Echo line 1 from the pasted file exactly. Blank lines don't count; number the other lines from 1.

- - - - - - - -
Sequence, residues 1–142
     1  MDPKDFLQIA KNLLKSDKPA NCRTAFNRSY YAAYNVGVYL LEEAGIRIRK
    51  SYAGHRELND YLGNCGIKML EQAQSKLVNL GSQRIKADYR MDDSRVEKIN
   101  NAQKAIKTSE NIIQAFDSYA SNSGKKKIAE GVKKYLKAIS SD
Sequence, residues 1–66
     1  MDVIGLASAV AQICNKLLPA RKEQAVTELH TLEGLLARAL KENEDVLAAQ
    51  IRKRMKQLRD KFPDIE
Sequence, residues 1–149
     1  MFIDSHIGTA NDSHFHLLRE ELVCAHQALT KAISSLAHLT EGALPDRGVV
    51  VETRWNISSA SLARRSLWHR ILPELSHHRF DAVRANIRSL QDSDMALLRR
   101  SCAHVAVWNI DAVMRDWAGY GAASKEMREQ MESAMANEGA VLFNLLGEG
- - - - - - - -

Sequence, residues 1–142